On the night of January 6 to 7, Russia celebrates the wonderful holiday of Christmas. Alexandra Viktorovna Frolova – candidate of historical sciences, senior researcher of the department of Russian people of the Institute of Ethnology and Anthropology of the Russian Academy of Science, tells about Christmas fortune-telling, Christmas trees, and celebration traditions in cities and villages.
─ Did the traditions of celebrating Christmas in cities and villages differ?
─ Yes, of course. The rural environment itself has always been set up for conservatism, so incorporating new elements into the celebration is usually a city priority. The traditional way of celebrating Christmas with house calls by Christmas carolers, praises, songs, and dressing up (note, participants wore handmade costumes), the traditional baking of kozuli, as a rule, we can find in the villages.
It must be said that Christmas is a peculiar state of the astronomical year, the so-called winter solstice. This day is packed with the rituals of the Christmas period, because Christmas, as we know, opens the time of Christmas holidays: from December 25 according to the old style or January 7 according to the new one, and till the Epiphany, that is till January 19 according to the new style. On this Christmas holiday, every member of the village community, from young to old, participated in a huge number of rituals, Christmas processions in houses, gatherings with various games, fortune-telling, games and fun. It was believed that not only was it possible, but it was necessary to read the fortune on Christmas Eve!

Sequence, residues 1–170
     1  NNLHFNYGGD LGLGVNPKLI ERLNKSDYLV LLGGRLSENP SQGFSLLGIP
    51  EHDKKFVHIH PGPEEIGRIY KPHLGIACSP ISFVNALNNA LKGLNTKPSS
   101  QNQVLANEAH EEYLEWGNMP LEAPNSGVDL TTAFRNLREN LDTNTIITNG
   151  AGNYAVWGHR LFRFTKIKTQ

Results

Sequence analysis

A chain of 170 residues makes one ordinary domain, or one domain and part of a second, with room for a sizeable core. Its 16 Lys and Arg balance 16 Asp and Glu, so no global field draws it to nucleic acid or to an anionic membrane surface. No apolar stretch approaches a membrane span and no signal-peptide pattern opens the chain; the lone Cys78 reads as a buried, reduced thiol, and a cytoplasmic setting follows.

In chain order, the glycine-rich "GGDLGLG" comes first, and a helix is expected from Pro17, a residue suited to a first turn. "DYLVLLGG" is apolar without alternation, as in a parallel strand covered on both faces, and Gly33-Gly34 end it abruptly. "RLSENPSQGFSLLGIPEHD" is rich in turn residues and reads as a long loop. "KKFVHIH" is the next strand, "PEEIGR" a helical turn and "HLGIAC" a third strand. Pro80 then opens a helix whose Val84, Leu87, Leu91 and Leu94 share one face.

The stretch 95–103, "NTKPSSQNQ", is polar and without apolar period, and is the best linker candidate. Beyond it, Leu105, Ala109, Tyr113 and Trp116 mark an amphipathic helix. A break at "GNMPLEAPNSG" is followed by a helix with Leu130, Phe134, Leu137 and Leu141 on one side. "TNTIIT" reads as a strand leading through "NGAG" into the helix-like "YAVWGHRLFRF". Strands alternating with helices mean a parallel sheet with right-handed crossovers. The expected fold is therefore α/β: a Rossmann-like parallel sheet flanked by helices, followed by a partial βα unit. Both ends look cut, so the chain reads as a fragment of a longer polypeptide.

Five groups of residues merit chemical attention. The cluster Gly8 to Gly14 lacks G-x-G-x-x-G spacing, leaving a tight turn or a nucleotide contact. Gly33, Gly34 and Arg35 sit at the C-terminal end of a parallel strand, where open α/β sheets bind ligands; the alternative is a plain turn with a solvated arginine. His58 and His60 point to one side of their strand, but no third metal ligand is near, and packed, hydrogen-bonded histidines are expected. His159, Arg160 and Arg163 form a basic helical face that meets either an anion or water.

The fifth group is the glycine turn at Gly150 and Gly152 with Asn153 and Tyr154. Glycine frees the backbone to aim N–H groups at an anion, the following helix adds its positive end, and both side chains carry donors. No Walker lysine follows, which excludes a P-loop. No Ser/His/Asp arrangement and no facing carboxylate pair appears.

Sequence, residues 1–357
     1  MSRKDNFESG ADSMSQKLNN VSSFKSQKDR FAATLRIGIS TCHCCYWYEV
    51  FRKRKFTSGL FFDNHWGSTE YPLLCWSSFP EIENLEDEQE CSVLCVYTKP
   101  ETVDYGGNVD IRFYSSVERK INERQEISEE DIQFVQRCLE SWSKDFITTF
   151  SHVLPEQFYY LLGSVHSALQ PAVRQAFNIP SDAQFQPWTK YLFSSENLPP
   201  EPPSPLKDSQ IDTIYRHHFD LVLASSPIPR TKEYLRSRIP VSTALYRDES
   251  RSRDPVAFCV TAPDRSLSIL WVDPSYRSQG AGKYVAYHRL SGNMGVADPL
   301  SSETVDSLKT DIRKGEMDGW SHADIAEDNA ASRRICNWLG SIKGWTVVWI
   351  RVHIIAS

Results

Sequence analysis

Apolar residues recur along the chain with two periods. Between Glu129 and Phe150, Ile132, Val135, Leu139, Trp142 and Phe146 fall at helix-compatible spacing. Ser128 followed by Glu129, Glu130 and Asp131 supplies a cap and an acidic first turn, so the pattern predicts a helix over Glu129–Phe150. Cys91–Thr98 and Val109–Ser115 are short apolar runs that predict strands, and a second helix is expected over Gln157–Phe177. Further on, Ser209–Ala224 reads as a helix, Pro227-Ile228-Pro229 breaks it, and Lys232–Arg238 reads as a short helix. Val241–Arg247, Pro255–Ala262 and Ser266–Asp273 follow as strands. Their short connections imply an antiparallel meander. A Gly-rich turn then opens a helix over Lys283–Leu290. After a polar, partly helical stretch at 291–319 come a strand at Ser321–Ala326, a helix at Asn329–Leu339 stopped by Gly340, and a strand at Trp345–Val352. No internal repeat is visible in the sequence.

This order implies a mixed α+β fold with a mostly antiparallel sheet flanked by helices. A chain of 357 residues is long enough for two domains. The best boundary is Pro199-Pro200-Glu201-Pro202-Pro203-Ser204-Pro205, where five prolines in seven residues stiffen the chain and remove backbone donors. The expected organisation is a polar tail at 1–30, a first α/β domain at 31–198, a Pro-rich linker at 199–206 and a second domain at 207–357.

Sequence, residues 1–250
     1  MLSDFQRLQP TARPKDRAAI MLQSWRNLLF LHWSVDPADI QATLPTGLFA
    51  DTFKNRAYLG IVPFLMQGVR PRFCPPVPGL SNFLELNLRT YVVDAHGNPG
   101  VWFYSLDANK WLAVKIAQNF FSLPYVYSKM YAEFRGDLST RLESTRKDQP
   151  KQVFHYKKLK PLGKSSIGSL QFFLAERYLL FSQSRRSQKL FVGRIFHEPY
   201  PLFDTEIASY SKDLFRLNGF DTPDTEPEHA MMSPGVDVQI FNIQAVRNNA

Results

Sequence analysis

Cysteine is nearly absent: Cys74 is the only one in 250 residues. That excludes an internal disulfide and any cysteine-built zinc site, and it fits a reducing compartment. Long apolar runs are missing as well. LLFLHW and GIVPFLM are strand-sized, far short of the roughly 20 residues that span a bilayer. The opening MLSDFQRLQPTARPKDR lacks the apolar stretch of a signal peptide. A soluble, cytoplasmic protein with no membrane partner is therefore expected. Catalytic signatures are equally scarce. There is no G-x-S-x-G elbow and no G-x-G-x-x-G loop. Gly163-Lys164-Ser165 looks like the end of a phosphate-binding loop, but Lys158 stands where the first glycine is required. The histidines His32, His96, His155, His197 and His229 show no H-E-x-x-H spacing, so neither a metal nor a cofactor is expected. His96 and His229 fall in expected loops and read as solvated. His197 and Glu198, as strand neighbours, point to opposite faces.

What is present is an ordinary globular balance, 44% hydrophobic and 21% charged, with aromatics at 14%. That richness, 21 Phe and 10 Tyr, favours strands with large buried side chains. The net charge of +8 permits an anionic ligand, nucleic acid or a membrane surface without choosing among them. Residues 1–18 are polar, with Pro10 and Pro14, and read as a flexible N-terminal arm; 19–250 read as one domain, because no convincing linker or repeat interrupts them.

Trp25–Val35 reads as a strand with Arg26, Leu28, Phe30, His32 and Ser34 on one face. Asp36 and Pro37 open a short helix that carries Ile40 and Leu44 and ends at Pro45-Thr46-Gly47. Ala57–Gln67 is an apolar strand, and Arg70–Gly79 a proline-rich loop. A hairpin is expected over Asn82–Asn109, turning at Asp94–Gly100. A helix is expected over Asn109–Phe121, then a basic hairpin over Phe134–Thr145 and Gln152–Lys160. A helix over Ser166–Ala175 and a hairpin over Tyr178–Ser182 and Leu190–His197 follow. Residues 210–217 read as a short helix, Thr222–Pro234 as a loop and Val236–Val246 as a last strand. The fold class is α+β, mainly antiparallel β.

─ Did people read fortune both in the village and in the city?
─ Yes, absolutely. And, by the way, it is the fortune-telling that distinguishes the celebration of Christmas in a city and the countryside most clearly.
If we talk about pre-revolutionary cities, i.e., before 1917, people often read fortune by paper: girls, for example, would write on paper their innermost desires or the names of their beloved. No wonder, since there were far more literate people in a city than in a village. Those papers with wishes were put under a pillow or in some other secret place and taken out in the morning. In a city, it was mostly girls who read fortune, while in a village it was not uncommon for young and even grown-up men to be the guests of fortune-telling. If we're talking about an older generation, people in the villages were mostly concerned not about love affairs, but about the harvest. They tried to find out about it by fortune-telling. They often asked for good health, too.